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The Contest between Simplicity and Efficiency in Asynchronous Byzantine Agreement Allison Lewko The University of Texas at Austin TexPoint fonts used in EMF. Read the TexPoint manual before you delete this box.: AAAA

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Byzantine Agreement n parties each has an input bit t corrupt parties Goal: agree on a bit equal to input of some ``good party 0 000 0 1

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Byzantine Agreement Simple problem, worst case adversary

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History Impossibility Constraints: >= 1/3 corrupted processors deterministic algorithm, 1 crash failure [FLP] Algorithms: termination with prob =1 adaptive adversary exponential expected running time [Ben-Or, Bracha] [KKKSS] termination/correctness with prob 1 – o(1) non-adaptive adversary polylogarithmic running time

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Landscape of possible algorithms? [Ben-Or, Bracha] [KKKSS] ??? L Las Vegas polytime algorithm? L Adaptive adversary polytime algorithm?

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Our Result [Ben-Or, Bracha]

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Simple Algorithm Recipe One Round: bit b broadcast b validate set of responses = S Compute b = N(S) b Repeat Randomized function

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Ben-Or, Bracha Algorithms S = Set of bits overwhelming majority strong majority mixed Decide Fix b to majority Define b randomly

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Why Exponential Time? Decide 0 Fix 0 Random Decide 1 Fix 1 S: mostly 0........ mixed......... mostly 1 Exponential Loop!

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Generalizing the Algorithm Recipe Round i: bit b broadcast b validate set of responses = S Compute b = N(S) Randomized function value v broadcast v i S 1, S 2, …, S i Compute v = N(S 1, S 2, …, S i ) Randomized function with constant size range

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Key Restrictions S 1,..., S i are considered as sets N(S 1,..., S i ) chooses randomly from a constant number of possible values - messages divorced from senders - values themselves can vary

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How to Prove Exponential Time? Classic strategy: Execution deciding 0 Execution deciding 1 Indistinguishable to some uncorrupted processor Chain of executions, each execution of exponential length Not deciding!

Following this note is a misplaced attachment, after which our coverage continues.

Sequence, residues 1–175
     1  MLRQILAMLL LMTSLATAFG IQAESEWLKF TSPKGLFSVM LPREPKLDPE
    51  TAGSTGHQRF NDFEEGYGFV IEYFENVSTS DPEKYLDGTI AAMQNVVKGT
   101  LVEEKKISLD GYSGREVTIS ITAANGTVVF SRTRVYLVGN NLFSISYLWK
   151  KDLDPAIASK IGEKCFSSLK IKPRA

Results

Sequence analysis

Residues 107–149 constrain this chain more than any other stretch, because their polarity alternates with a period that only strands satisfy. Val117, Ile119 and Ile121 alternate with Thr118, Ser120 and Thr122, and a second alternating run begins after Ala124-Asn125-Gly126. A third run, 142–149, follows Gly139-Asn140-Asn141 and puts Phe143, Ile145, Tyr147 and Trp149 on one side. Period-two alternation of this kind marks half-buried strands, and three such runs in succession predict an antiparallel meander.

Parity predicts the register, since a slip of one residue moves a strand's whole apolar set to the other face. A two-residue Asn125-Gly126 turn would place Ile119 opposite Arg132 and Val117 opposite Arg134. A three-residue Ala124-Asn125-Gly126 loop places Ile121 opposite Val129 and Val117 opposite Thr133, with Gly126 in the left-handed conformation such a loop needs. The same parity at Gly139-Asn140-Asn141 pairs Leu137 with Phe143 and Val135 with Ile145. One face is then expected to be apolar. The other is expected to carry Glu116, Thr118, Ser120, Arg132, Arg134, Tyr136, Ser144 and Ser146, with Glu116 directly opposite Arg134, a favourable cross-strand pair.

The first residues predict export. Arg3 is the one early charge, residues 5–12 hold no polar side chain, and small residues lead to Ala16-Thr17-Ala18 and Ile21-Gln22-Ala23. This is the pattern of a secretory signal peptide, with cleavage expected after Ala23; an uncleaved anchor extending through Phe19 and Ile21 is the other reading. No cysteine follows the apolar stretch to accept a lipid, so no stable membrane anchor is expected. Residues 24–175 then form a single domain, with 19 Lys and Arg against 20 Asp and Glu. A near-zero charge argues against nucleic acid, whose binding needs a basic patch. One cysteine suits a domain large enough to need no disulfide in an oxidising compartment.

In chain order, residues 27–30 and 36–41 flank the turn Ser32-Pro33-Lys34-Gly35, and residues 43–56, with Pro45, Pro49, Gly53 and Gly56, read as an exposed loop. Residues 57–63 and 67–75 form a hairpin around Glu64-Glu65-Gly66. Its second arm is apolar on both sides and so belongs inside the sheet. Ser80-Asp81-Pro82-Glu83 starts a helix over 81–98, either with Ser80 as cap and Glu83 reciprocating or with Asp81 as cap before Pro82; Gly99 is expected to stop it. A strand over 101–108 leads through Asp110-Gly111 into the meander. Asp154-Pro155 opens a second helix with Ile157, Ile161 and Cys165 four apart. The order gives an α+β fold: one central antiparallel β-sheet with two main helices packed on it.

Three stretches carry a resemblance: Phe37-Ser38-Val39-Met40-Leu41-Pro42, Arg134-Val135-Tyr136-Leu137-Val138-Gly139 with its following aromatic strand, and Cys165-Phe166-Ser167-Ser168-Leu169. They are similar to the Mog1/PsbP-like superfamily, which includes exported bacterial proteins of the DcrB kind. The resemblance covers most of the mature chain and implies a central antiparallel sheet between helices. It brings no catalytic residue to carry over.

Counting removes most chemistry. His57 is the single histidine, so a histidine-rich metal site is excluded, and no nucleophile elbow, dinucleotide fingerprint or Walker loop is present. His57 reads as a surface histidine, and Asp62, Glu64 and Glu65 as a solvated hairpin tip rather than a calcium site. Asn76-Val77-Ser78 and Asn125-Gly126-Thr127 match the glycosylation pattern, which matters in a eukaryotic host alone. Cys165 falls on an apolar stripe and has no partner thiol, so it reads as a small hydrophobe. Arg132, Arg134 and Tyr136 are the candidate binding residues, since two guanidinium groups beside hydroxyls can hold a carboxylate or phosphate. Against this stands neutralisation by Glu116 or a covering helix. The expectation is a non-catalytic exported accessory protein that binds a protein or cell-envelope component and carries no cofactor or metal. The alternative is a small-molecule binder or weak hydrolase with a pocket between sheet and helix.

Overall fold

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Challenge for Randomized Algorithms Any single execution may be unlikely Takes a class of executions to add up to constant probability

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Execution Classes Divide processors into groups S S S Class defined by sets per group per round

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Source of Adversarys Control Suppose Ω(n) processors receive the same sets: S 1, S 2,..., S i... N(S 1,..., S i )... Independent samples from same distribution

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Chernoff Bound...

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Adversary Can Match Expectations S 1, S 2,..., S i Output = Expectation [ N(S 1, …, S i )]

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Chain of Execution Classes Each group kept in sync Output sets match expectations Execution class deciding 0 Execution class deciding 1 Execution class Execution class … Indistinguishable to some group One of these must be non-deciding

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Generating the Chain of Execution Classes E rounds … 0 0 0 1 1 1 Change group inputs one group at a time:

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Adversary Strategy adversary divides processors into groups of t corrupts constant fraction per group all group members see same message sets tries to stay in the non-deciding execution class

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Adversarys Success Probability S 1, S 2, …, S i Z 1, Z 2, …, Z i V 1, V 2, …, V i Output = Expectation With Prob = 1 – 1/exp Output = Expectation With Prob = 1 – 1/exp Output = Expectation With Prob = 1 – 1/exp By Union bound over groups and rounds, # of rounds = Exp with constant probability

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Observations Adversary Strategy : -Only leverages message scheduling and random coins of bad processors -No hope to detect bad behavior without risk Impossibility proof crucially leverages: -Received messages treated as sets -Random Variables have bounded support

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Open Problems [KKKSS] ??? L Las Vegas polytime algorithm? L Adaptive adversary polytime algorithm? Still simple structure, unbounded randomness? Weaken symmetry in processing received messages? [Ben-Or, Bracha]

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Thank you! Questions?

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Distributed Algorithms: Agreement Protocols. Problems of Agreement l A set of processes need to agree on a value (decision), after one or more processes.

Distributed Algorithms: Agreement Protocols. Problems of Agreement l A set of processes need to agree on a value (decision), after one or more processes.

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